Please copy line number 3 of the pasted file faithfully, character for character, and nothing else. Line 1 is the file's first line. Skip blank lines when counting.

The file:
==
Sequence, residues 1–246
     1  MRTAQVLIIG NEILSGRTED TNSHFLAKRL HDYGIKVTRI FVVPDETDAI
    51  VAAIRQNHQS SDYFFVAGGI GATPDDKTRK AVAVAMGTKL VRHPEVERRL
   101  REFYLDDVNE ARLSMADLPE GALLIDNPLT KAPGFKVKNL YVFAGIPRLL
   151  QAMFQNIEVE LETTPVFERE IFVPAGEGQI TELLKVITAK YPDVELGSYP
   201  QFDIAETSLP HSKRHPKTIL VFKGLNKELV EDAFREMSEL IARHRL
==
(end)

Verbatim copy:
    51  VAAIRQNHQS SDYFFVAGGI GATPDDKTRK AVAVAMGTKL VRHPEVERRL